We believe polar bears should be in the wild. However, if their life depends on being in human care, we should make it the best it can possibly be, and learn everything we can so we can help sustain their future existence. Not only is research in a polar bear’s natural habitat extremely expensive, many research projects are only possible in a controlled environment. As animal care professionals, we believe the public deserves a more compelling reason for the habitats existence than just being a pretty place for polar bears. Our research projects, along with our commitment to raising their standard of care, drives the passion behind our continued evolution.
York University – Dr. Greg Thieman, Toronto Zoo – Jaap Wensvoort
Inukshuk and Ganuk were given a singular diet of seal for a period over several months. In the wild, it would be impossible to guarantee what a polar bear ingests over that period of time. Tissue and blood samples were taken after a determined amount of time to identify indictors (signature) of seal being consumed. Since researchers are now able to identify the seal signature in polar bears tissue, this information can be used the in field to track seal distribution and population numbers through wild polar bear samples.
Whisker Print Project
C. J. R. Anderson, J. D. Roth, J. M. Waterman Department of Biology, University of Central Florida
Whisker prints are as unique as fingerprints. The Whisker Print project analyzes polar bears’ whisker print patterns in a non invasive manner. The prints are used to identify individual bears, and to identify if environmental stressors cause asymmetric patterns in the whisker patterns in polar bears. Both Henry and Ganuk’s whisker patterns are sent in and analyzed monthly.
Katrina Knott, M.S., Ph.D. Memphis Zoo
Weekly urine samples were sent to Memphis zoo to be analyzed for testosterone levels. Results showed that polar bears with the lowest testosterone levels were found in Canada. However, Inukshuk showed the highest levels of testosterone of any bears tested in North America.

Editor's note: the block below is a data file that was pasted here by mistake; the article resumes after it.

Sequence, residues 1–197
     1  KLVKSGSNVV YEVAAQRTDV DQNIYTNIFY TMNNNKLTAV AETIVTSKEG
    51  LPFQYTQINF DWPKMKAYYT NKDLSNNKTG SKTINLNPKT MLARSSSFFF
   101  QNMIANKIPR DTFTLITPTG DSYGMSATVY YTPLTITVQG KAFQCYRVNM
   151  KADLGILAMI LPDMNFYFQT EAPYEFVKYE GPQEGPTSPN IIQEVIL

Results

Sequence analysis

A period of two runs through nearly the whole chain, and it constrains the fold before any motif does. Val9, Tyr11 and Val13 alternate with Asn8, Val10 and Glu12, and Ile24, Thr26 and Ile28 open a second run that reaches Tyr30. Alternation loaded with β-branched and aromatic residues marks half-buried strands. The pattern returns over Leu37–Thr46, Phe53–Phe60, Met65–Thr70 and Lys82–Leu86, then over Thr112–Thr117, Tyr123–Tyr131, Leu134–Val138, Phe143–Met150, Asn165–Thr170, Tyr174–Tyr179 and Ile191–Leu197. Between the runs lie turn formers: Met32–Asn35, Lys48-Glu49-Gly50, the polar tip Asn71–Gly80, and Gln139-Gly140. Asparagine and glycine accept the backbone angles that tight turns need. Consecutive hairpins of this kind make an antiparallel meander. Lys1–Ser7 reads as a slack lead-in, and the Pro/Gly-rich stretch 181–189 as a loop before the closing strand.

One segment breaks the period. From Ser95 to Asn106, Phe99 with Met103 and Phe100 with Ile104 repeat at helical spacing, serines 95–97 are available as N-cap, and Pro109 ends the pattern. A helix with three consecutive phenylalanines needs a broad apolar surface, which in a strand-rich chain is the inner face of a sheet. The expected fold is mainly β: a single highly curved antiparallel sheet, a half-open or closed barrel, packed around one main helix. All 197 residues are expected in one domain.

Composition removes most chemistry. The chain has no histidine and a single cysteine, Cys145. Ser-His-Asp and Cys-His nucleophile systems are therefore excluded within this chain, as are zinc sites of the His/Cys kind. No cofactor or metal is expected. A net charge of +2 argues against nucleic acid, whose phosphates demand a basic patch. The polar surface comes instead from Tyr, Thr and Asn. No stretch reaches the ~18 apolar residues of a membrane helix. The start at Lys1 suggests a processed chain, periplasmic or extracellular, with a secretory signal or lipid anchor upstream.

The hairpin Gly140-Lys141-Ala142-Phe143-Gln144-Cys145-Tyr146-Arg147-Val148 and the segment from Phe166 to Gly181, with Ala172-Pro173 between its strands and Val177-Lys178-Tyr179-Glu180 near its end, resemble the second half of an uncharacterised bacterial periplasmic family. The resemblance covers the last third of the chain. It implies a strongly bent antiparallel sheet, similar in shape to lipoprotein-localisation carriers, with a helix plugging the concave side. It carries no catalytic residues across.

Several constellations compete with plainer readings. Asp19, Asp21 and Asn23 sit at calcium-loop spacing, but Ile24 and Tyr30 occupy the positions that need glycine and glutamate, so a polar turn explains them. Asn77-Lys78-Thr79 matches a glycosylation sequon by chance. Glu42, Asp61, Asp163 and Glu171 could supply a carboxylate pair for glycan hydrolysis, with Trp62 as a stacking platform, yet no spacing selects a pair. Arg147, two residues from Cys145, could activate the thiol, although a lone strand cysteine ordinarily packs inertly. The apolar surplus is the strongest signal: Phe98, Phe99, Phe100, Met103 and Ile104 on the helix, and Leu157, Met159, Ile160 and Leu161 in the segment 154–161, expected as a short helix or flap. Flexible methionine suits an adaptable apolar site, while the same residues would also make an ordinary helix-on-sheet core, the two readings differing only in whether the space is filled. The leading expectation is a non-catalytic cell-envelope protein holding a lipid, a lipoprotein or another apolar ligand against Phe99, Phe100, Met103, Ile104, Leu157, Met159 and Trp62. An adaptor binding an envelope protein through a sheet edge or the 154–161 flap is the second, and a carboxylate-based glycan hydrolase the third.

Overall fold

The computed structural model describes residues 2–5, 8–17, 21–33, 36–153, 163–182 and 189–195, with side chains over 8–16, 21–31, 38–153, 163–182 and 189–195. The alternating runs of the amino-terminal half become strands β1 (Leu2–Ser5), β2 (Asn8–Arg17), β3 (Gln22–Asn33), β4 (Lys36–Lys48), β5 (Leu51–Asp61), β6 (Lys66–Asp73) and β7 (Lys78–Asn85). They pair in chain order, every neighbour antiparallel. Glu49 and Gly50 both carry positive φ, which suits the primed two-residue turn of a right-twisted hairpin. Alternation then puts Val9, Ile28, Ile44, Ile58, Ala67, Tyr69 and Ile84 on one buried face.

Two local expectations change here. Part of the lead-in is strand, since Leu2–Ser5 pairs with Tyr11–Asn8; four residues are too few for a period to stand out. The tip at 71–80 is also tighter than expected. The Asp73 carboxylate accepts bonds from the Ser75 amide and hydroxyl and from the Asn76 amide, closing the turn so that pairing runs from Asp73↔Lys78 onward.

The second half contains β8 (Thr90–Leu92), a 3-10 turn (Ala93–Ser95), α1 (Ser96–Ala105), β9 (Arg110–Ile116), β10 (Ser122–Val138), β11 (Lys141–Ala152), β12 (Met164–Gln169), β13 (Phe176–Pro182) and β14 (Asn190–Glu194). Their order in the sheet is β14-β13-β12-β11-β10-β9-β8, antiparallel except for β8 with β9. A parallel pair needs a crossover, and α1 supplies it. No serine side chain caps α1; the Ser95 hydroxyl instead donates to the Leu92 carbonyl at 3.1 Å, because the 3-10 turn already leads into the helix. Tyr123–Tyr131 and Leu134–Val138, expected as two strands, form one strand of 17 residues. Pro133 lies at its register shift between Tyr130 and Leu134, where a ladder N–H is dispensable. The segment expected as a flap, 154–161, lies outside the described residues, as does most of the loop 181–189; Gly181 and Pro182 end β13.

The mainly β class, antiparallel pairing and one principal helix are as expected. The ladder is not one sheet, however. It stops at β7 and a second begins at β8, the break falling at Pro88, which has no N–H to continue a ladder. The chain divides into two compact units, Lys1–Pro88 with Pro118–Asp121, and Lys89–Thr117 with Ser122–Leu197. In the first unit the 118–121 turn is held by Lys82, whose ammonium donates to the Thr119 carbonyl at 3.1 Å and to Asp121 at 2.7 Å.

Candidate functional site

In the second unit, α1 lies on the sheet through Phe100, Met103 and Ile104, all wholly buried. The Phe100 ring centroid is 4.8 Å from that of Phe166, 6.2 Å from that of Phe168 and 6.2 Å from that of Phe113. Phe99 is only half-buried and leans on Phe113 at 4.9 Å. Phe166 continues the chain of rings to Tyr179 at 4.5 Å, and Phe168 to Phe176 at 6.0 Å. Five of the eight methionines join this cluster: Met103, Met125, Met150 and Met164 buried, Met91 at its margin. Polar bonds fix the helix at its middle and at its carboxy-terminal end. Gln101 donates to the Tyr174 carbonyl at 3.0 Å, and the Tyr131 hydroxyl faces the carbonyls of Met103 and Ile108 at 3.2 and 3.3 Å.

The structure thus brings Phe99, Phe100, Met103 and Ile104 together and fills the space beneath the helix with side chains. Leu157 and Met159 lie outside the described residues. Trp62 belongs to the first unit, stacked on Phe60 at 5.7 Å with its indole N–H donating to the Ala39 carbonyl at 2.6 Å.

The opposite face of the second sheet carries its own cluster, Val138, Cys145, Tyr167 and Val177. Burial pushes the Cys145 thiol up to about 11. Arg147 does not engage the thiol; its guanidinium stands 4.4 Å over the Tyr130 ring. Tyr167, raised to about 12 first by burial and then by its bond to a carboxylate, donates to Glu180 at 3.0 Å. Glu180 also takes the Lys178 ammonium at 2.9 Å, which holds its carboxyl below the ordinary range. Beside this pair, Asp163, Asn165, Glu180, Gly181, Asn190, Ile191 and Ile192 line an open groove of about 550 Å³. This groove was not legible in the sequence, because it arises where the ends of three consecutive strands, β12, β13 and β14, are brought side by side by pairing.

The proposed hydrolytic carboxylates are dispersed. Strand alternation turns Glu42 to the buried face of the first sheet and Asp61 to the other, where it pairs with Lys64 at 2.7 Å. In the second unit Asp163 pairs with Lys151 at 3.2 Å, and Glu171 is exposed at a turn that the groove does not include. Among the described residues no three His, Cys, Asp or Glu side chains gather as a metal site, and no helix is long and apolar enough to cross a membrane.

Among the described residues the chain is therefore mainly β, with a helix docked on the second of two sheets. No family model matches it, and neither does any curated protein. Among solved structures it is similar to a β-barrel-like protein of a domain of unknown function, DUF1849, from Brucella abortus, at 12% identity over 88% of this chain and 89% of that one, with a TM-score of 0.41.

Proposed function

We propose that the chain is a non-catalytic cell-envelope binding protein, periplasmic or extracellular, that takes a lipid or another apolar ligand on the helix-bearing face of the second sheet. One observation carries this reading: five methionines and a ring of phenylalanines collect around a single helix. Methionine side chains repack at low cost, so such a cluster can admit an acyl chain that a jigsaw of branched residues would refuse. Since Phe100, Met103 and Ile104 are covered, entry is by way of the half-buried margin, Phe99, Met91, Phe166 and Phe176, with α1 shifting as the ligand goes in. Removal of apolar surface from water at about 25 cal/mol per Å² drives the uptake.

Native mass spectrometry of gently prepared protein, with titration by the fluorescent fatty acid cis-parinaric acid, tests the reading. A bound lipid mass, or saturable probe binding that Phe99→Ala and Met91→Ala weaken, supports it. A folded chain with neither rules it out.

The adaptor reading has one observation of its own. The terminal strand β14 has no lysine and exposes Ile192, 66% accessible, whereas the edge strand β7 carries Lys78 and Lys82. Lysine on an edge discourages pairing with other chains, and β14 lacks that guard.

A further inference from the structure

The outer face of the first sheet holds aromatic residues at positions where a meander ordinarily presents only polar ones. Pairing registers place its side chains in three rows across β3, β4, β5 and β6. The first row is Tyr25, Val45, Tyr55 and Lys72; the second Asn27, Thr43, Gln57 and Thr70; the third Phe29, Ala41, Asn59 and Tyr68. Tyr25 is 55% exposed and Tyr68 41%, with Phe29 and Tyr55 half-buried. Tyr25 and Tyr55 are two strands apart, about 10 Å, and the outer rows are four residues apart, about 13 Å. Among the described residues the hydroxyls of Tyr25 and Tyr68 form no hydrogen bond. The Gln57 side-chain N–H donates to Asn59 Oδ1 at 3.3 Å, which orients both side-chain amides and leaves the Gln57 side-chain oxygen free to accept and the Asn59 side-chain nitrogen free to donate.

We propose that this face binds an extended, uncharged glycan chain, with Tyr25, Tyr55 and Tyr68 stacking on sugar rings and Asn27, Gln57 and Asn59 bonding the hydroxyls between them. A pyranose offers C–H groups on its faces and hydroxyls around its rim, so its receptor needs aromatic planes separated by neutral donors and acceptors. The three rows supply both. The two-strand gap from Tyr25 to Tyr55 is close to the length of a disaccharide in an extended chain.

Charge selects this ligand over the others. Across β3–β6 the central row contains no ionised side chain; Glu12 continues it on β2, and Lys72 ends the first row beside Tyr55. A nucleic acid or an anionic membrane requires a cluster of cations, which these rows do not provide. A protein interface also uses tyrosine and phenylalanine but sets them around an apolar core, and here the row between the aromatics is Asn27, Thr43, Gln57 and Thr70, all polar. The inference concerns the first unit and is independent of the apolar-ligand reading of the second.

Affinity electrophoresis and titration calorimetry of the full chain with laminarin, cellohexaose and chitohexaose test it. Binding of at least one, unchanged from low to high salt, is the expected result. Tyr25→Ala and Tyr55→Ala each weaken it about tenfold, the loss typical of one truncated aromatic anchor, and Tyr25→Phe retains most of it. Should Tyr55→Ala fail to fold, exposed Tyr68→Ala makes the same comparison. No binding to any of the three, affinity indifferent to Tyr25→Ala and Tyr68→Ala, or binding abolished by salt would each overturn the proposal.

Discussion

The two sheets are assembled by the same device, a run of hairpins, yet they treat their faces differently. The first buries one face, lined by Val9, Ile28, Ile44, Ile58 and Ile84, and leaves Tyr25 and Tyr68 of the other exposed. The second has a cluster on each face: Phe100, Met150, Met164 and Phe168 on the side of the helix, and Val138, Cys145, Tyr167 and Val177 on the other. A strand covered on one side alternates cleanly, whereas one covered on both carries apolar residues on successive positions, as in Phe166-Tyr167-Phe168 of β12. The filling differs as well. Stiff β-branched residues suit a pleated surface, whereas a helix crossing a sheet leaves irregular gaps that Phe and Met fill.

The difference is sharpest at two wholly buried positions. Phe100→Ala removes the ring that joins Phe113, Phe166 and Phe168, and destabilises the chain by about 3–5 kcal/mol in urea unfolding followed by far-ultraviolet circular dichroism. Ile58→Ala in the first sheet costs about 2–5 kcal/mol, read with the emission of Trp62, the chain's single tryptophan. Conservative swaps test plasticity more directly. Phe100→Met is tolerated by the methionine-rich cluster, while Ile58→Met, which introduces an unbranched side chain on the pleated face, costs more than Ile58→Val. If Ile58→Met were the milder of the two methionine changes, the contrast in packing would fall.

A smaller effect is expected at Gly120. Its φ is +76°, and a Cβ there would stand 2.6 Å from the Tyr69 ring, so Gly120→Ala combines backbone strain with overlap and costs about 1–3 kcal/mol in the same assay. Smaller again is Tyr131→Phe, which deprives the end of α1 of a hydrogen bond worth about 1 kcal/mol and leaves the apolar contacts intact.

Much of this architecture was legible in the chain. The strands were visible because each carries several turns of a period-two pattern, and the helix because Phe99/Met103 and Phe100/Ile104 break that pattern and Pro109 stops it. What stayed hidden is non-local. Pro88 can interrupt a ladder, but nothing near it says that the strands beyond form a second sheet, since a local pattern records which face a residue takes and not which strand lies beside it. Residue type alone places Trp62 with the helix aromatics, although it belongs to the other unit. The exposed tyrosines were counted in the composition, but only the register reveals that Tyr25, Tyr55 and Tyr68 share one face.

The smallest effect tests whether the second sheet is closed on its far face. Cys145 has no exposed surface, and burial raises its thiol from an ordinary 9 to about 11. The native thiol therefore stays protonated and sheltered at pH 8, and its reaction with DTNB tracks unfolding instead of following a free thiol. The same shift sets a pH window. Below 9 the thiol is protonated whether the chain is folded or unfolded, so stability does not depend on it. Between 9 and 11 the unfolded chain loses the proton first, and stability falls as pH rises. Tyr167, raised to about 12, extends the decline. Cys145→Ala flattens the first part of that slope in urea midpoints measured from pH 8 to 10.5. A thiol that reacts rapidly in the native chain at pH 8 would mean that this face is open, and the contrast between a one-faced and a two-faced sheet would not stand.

Erin Curry, PhD Reproductive Physiologist, Terri Roth PhD, Vice President of CREW
This ongoing study analyzes fecal samples from Henry to study sexual maturation from a young age. Samples are sent biannually to Cincinnati Zoo & Botanical Garden.
Animal Care Staff PBH
Daily Behavioural Logs are documents throughout the day on each bear at PBH. This information is used to create and manage behavioural plans. We are able to enhance their lives by understanding how the bears behave to different food, toys, weather and enclosures.
Animal Care Staff
Daily training sessions are done with our bears, to open communication and understand the bears behaviour with our animal care staff. Medical checks are performed on our bears to inspect for cuts or lacerations anywhere on the body, check teeth for any dental problems and to test mobility through commands. We are currently working towards having our bears perform procedures that would normally be performed while sedated. Our bears would remain completely conscious while preforming voluntary blood draws, swabs, injections and other non invasive procedures to gain more information about polar bears.